Catalog published in conjunction with an exhibition.
An extraordinary collection of world maps, dating from 1472 to 1700, found a permanent home in the Historic Maps Collection of the Princeton University Library in 2013. Collected by Henry Wendt, Class of 1955, and his wife, Holly, the thirty items had been traveling around the country for three years as an exhibition, “Envisioning the World: The First Printed Maps, 1472-1700.”
This exhibition and accompanying catalog were inspired by the discovery that Princeton University Library is a rich, if heretofore little-known, repository of examples of women’s contributions to the arts of the book. A sense that recognition and celebration of the legacy of women in printing – particularly as revealed in these materials – was long overdue resulted in an exhibition in the Leonard L. Milberg Gallery for the Graphic Arts that would focus attention on some of the most historically significant and beautifully made examples of works printed, bound, and designed by women.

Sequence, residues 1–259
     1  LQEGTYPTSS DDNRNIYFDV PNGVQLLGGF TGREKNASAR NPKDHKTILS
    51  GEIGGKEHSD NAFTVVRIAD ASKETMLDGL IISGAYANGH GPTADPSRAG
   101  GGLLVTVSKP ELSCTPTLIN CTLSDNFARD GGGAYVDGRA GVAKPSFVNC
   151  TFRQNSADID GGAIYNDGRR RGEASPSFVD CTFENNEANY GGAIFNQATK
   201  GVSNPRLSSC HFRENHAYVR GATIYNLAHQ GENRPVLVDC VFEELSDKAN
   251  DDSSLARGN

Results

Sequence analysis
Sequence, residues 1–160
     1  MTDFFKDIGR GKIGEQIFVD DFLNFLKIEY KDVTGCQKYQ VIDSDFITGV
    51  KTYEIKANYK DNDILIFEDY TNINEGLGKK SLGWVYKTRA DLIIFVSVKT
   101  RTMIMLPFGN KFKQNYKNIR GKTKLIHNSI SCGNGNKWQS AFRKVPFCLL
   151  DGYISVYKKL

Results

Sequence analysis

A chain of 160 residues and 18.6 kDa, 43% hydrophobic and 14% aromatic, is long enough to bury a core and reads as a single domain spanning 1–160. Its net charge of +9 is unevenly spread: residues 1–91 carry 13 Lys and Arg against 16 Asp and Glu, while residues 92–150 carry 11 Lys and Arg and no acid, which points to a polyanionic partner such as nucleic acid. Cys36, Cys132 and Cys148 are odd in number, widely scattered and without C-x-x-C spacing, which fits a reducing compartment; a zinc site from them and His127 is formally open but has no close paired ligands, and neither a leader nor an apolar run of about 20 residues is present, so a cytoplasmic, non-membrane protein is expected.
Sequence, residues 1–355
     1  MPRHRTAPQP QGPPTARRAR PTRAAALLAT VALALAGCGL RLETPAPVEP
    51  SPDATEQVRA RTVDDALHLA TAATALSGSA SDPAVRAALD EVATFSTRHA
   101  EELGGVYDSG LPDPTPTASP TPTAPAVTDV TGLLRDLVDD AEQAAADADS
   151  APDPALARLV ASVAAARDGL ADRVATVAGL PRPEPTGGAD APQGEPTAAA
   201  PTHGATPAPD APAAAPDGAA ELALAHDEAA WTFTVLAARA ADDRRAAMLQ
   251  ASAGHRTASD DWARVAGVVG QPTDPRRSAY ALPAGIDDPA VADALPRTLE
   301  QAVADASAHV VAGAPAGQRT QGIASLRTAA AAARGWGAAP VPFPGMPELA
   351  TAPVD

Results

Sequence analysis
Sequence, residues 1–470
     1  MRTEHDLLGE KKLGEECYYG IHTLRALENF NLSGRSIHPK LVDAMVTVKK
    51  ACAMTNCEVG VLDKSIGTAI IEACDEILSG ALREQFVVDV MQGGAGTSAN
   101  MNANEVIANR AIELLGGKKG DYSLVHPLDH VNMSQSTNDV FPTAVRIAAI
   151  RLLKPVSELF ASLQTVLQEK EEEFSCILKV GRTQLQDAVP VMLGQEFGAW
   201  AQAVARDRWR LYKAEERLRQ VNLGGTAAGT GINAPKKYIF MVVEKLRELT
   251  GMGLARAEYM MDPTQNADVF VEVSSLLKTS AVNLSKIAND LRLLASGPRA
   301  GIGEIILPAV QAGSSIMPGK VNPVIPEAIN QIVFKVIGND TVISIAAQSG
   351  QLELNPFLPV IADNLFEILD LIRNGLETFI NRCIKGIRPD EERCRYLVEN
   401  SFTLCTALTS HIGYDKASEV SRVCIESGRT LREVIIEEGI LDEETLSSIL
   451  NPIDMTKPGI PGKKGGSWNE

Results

In 1853, just a few years before the outbreak of the Civil War, two seniors at the College of New Jersey (later Princeton University) wrote an account of what it was like to be an undergraduate at an institution that prided itself on attracting students from every section of the nation. Their report is one of very few to provide vivid descriptions of student life from the point of view of students themselves.
Publication issued to accompany the 1975 exhibition celebrating Mann's centenary. Essays by Stanley Corngold, Victor Lange and Theodore Ziolkowski. Preface by Richard M. Ludwig
With a preface by Stephen Ferguson, a foreword by Sid Lapidus, and with an introduction by Sean Wilentz.